Mequitta Ahuja: Notations
From April 13 to June 2, 2018, Tiwani Contemporary, London will present Notations, an exhibition of recent paintings by Mequitta Ahuja.
The exhibition explores the currency of the figure of the artist at work in the history of European and American figurative painting. Merging the roles of artist-maker and subject, her monumental paintings depict the artist engrossed in various stages of her artistic process, often within the clearly defined architectural space of the studio. Demonstrating an interest beyond the medium itself, Ahuja’s self-portraits explore multiple modes of representation, including abstraction, text, naturalism, schematic description, graphic flatness and illusion. Working across multiple modalities of representation allows the artist to fulfil her own representational needs and to ask timely questions about the power dynamics underpinning image production and art history: who does the representing, who is represented and in what manner?
“My central intent is to turn the artist’s self-portrait, especially the woman-of-colour’s self-portrait, long circumscribed by identity, into a discourse on picture-making, past and present. This includes depicting my intimate relationship to painting – the verb and the noun, the act and the object – painting. I show my subject at work – reading, writing, handling canvases in the studio. I show the work, the mark, the assembling of marks into form, the brushstroke. In these ways, I replace the common self-portrait motif – the artist standing before the easel, with a broader portrait of the artist’s activity.”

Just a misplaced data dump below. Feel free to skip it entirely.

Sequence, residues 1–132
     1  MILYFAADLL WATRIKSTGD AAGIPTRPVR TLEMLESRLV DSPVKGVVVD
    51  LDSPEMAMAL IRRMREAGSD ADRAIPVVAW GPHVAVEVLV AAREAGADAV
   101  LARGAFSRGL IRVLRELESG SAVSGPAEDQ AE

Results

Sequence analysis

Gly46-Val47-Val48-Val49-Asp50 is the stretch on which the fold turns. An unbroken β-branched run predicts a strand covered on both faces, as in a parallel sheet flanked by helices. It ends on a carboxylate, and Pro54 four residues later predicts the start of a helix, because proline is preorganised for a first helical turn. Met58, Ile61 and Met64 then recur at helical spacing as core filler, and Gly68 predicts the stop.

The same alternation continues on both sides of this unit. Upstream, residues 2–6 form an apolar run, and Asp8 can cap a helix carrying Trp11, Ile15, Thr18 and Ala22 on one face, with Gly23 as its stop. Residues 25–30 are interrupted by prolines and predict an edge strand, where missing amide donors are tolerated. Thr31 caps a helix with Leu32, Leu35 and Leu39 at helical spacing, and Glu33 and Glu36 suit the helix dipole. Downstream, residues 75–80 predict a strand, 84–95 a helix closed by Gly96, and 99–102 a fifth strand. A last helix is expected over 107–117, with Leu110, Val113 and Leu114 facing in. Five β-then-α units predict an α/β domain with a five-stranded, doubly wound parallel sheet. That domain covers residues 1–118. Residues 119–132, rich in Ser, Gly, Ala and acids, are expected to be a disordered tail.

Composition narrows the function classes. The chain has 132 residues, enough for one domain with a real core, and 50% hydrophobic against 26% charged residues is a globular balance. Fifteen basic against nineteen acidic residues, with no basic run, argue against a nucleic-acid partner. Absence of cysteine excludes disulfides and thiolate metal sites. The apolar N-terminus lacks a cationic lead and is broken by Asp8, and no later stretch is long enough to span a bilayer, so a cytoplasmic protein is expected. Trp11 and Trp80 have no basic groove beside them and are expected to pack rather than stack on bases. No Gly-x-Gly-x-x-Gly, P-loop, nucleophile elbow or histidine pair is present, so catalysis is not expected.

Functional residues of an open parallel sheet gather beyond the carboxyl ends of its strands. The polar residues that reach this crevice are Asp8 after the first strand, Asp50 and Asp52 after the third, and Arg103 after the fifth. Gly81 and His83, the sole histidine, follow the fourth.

In Notation (2017), Ahuja depicts herself in an intimate studio scene, leaning over her desk, writing, and surrounded by a proliferation of painterly marks. The free and colourful mark-making, which, beyond the architectural frame, extends into total abstraction, suggests the brushstroke as a form of notation. Notation exemplifies Ahuja’s theatrical painting style, in which the posed figure, seemingly engrossed in work while surrounded by symbolic objects such as the brush and the mirror is clearly a scene contrived for a viewer. Along with the leaning pose, the objects refer to the evangelist portraits of early medieval art, in which the protagonists were often presented writing at a table and seen from an oblique angle. By representing herself in the traditional role of the professional artist, Ahuja asserts her position within the history of her craft, as a woman artist of South Asian and African descent. She writes: “By positioning a woman-of-colour as primary picture-maker, in whose hands the figurative tradition is refashioned, I knit my contemporary concerns, personal and painterly into the centuries-old conversation of representation and recast self-portraiture as a treatise on picture-making.”
The subject of Material Support (2017) is also the model/maker, but the figure of the painter in the studio allows Ahuja to also explore other roles assumed by the professional artist: the owner, the agent and seller of the work. The space of the painting is a space of her control: she is seen unveiling a new painting, pulling a red curtain and partly revealing a figure – a mule. Stemming from theatre, the curtain, along with the studio-as-stage set, presents the studio as a realm of performance. In Material Support as in Notation, Ahuja acknowledges the fiction of her painted self and the contrivance of painting. The iconography in this work refers to “40 acres and a mule”, the unfulfilled promise made to newly freed slaves and the first systematic attempt to provide a form of reparation for slavery. In contrast, Material Support shows a woman artist of colour in control of her career and enjoying the fruits of her own creative labour.
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